A claim for psychiatric injury can be brought by a person in conjunction with a claim for personal injury, as consequential to the physical harm that they may have suffered. However, it is not necessary to have suffered a physical injury in order to bring a claim for psychiatric injury. This is known as “pure mental harm.

There are two main situations in medical negligence cases where this may occur:

  1. You suffered a recognised psychiatric illness as a result of negligent treatment that you received; or
  2. You suffered a recognised psychiatric illness as a result of witnessing somebody else “being killed, injured or put in peril” because of negligence.

In order for a person to be liable for causing mental harm, that person must be able to foresee, that a person of normal fortitude, in those particular circumstances, would suffer a recognised psychiatric illness if reasonable care were not taken.

Therefore you need to prove, on the balance of probabilities, that you are a person of normal fortitude, that you suffered a recognised psychiatric illness and that the treating doctor could have reasonably foreseen, in the circumstances, that you would suffer a recognised psychiatric illness, if they did not take reasonable care. You also need to prove that the treating doctor owed you a duty of care, that they breached their duty of care and that the breach caused your recognised psychiatric illness.

Pursuant to the legislation, the circumstances to be considered are:

  • whether the mental harm was caused by sudden shock;
  • whether you witnessed someone being “killed, injured or put in peril“;
  • the circumstances of the relationship and the person who was “killed injured or put in peril”; and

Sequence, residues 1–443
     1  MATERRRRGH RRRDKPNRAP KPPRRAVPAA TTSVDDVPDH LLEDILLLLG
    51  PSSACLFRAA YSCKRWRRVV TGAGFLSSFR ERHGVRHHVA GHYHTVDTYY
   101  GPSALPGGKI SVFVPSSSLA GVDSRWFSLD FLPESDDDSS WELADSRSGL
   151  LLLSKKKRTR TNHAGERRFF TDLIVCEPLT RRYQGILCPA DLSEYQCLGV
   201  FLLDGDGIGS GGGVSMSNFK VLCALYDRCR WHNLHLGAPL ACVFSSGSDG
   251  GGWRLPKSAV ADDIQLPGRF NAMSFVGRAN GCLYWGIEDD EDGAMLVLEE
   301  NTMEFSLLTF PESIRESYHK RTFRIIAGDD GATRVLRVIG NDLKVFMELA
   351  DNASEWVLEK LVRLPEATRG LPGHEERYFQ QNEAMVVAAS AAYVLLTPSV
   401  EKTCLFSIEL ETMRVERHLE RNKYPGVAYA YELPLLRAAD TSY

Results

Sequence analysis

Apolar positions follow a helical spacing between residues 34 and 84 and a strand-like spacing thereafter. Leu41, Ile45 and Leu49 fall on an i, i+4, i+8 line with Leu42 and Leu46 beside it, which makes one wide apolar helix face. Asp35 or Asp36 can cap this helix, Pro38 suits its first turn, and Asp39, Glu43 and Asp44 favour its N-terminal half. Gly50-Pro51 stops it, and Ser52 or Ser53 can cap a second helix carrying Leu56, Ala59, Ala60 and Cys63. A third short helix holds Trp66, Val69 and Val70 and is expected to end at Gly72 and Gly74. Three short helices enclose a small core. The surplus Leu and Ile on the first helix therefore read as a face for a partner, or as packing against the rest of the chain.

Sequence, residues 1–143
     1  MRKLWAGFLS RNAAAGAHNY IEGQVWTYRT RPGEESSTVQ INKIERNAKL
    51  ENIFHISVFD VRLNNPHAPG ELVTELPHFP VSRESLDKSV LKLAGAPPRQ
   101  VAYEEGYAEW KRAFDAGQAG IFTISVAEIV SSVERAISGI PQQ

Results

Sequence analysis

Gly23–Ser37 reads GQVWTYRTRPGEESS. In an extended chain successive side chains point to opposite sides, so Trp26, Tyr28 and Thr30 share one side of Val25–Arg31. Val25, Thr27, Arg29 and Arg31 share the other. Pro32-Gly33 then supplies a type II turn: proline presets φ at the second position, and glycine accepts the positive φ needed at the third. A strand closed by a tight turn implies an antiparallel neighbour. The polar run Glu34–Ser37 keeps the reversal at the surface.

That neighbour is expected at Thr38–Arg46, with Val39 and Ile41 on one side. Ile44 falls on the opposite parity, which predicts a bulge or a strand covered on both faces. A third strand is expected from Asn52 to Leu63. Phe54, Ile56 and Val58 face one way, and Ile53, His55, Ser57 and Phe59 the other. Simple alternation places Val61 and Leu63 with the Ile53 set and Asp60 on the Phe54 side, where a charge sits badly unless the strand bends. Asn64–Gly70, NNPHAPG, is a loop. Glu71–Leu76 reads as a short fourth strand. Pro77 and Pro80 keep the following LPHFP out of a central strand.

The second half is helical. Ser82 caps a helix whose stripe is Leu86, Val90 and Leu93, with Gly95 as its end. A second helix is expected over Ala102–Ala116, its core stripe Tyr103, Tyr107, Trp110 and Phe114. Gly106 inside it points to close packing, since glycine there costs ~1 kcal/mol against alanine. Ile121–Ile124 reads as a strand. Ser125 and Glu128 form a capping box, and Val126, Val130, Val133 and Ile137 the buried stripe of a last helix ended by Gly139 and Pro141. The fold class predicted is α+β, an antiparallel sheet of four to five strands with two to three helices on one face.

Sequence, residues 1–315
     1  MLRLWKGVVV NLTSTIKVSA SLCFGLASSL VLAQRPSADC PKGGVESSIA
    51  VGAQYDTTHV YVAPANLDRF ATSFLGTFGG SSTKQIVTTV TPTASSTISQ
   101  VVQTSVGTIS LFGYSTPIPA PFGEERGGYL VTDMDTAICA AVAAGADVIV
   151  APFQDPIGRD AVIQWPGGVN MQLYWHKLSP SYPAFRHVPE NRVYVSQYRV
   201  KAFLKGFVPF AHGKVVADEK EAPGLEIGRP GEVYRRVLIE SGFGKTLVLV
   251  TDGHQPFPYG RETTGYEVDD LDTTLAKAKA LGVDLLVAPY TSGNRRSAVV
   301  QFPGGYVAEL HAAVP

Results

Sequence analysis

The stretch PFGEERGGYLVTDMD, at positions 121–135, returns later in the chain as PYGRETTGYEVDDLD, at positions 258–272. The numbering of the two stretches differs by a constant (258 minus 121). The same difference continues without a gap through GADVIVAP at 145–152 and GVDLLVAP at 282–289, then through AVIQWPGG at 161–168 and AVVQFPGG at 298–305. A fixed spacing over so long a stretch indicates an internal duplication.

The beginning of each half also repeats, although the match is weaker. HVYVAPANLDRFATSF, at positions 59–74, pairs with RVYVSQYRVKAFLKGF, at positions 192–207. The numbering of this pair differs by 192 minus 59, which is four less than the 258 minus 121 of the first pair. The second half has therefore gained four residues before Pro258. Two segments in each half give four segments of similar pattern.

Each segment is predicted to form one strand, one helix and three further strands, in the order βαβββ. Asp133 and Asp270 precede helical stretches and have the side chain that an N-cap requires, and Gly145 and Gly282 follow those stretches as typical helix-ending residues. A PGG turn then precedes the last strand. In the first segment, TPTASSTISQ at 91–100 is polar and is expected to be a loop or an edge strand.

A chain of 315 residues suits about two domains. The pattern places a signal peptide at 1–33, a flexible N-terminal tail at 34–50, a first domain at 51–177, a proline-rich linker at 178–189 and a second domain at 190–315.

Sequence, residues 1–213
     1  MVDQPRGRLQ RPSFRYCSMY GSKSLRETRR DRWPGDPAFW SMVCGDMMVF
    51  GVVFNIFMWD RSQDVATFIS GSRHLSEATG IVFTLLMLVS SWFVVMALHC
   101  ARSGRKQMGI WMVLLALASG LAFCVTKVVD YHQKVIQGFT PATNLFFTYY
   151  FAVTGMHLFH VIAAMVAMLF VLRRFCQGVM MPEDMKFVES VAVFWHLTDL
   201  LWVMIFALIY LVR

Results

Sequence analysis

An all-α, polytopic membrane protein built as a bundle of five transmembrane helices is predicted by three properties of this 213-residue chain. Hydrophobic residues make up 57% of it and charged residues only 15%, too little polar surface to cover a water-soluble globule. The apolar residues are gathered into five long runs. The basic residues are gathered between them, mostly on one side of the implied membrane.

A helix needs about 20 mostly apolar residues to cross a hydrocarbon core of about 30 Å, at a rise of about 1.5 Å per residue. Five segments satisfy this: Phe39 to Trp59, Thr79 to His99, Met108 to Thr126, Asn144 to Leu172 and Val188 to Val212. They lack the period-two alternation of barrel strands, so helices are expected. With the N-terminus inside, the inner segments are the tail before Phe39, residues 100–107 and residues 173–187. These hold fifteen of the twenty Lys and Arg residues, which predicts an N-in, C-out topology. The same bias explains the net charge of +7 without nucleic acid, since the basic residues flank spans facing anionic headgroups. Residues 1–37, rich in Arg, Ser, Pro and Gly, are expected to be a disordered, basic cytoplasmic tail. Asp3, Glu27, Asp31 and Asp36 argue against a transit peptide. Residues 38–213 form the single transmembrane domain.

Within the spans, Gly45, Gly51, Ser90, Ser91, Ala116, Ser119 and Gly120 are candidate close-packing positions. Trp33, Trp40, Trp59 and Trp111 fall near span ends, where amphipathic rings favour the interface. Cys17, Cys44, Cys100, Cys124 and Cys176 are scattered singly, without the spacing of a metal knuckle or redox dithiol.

• whether there is a prior relationship between you (the plaintiff) and the person who caused the death or injury (the defendant).

Recognisable psychiatric illness

The Courts have distinguished between emotional distress and normal grief reactions and what is known to be a recognisable psychiatric illness. In order to prove that you have suffered a recognised psychiatric illness, you would need to undergo an assessment by an expert psychiatrist. Examples of conditions that may be considered to be a recognised psychiatric illness include things like depression, anxiety and adjustment disorders.

Get in touch with us

At Turner Freeman we have lawyers who specialise in medical negligence claims. Our Sydney Partner, Sally Gleeson, along with her team of lawyers, have a dedicated practice in medical law.

If you or someone you know has suffered as a result of medical negligence, including a situation in which you have suffered injury as a result of inadequate treatment, or a lack of treatment at a public hospital, we encourage you to call us on 13 43 63 to speak with one of our medical law experts.